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Dementia With Lewy Bodies (cont.)


Like other types of degenerative dementia such as Alzheimer's disease, DLB is gradually progressive.

  • DLB eventually affects a person's job performance. Many people with DLB take early retirement from their jobs.

  • The person with DLB will eventually lose his or her ability to drive safely. Driving privileges should be addressed by the caregivers and care team.

  • Eventually the person will lose the ability to care for himself or herself.

  • DLB shortens life expectancy.
The rate of progression varies considerably, but most people die within 5-7 years after their disease is diagnosed. The cause of death is usually a complication of the disease.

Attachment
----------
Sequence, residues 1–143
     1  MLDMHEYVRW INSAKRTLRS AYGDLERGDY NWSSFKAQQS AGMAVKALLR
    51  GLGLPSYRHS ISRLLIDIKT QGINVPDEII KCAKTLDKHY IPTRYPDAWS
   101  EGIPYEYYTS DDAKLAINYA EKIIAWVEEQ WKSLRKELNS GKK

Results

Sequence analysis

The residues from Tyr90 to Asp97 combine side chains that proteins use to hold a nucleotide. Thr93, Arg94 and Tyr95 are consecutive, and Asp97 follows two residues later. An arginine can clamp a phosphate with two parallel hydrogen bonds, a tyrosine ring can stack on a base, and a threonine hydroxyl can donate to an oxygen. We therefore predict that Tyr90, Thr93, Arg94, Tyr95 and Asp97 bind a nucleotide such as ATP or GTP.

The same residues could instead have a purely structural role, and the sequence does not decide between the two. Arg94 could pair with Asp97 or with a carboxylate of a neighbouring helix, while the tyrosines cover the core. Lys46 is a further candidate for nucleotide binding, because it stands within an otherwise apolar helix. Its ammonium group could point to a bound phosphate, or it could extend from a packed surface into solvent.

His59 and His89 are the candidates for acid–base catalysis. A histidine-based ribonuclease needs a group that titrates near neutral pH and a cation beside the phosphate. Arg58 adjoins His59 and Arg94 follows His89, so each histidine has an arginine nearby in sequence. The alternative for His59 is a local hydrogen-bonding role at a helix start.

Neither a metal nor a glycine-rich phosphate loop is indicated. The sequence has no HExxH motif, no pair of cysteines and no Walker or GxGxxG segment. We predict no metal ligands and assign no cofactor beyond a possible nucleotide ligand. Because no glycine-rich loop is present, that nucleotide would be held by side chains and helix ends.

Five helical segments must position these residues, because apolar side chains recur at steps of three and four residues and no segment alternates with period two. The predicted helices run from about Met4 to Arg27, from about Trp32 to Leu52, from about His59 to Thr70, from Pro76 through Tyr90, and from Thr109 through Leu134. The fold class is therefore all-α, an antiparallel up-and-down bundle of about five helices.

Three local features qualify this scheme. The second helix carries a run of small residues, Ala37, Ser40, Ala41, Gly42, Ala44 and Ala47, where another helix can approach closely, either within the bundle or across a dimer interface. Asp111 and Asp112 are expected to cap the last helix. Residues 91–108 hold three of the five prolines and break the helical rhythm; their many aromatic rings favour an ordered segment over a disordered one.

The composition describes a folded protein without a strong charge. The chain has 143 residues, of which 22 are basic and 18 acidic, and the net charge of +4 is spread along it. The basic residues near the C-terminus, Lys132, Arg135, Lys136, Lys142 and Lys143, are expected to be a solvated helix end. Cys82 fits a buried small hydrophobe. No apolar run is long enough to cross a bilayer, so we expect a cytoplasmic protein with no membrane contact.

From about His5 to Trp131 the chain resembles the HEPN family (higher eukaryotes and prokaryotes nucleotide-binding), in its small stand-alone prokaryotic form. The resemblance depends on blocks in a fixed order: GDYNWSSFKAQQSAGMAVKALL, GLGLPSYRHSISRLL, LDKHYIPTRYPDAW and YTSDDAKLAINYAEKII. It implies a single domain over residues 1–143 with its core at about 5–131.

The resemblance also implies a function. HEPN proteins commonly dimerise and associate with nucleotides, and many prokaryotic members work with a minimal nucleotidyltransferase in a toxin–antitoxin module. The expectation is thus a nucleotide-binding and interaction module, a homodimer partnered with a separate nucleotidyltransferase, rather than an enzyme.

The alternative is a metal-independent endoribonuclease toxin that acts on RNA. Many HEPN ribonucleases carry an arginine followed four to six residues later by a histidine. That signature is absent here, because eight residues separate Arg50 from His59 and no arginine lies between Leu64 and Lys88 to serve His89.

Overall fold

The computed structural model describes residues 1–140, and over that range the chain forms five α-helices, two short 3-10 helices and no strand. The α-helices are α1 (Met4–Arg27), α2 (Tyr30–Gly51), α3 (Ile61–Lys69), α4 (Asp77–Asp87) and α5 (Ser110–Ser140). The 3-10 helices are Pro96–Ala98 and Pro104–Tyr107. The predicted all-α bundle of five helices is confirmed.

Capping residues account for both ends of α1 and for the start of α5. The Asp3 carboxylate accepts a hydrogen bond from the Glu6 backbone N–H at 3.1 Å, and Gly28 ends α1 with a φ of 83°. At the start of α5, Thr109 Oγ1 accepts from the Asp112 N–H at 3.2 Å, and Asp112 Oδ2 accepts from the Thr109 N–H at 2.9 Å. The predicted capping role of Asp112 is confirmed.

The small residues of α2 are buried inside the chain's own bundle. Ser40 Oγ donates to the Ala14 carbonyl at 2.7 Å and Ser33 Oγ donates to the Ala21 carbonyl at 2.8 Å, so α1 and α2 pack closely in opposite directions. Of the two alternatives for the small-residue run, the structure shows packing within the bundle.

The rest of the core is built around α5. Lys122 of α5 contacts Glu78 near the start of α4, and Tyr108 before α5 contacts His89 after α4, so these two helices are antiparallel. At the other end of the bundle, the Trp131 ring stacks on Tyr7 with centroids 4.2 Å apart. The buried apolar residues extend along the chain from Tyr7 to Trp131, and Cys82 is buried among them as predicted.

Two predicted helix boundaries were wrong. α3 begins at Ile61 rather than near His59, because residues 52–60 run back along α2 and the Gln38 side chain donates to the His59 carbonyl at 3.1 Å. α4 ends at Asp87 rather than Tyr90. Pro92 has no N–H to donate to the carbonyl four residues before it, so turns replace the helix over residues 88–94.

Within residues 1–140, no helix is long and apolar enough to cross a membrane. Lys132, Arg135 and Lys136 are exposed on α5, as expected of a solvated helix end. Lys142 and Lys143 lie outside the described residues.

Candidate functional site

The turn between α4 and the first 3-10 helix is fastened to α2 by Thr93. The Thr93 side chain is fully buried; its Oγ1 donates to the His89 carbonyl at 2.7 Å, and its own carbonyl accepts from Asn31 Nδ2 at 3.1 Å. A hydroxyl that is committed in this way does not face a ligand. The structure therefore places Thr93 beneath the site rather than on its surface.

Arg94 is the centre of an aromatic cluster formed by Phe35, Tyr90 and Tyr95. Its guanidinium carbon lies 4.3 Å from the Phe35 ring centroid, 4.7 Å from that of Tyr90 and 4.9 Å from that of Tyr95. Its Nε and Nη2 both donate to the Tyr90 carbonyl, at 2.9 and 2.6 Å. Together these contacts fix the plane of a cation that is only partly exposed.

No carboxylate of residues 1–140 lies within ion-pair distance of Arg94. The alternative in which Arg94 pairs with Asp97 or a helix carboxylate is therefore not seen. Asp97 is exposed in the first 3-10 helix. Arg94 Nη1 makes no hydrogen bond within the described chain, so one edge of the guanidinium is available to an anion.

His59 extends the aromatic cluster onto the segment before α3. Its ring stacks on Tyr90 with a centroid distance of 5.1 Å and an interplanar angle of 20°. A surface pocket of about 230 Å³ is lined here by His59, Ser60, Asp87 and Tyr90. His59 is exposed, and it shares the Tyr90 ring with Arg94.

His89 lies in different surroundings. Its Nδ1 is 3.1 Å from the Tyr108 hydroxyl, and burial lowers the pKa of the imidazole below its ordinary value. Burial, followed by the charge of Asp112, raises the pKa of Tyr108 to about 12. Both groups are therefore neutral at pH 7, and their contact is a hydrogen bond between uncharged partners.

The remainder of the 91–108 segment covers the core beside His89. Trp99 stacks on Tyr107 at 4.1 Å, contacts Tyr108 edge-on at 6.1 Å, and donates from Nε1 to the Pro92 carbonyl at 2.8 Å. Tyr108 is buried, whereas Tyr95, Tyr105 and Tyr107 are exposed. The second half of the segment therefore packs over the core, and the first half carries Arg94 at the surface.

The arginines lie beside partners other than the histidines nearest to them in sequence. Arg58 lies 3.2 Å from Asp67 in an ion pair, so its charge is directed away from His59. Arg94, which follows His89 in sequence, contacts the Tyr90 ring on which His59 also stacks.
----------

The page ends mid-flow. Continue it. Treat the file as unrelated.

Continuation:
• People with the disease develop severe dementia and eventually may have only limited ability to move.

  • They are at risk of falls because of poor balance and walking difficulties.

  • Many have difficulties swallowing, which leads to poor nutrition and sometimes pneumonia (because food goes into the lungs instead of the stomach).

  • They eventually become immobile, which can lead to skin problems, pneumonia, and other complications.

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Read What Your Physician is Reading on Medscape

Dementia With Lewy Bodies »

Frederick Lewy first described Lewy bodies (LBs), cytoplasmic inclusions found in cells of the substantia nigra in patients with idiopathic Parkinson's disease, in 1914.

Read More on Medscape Reference »

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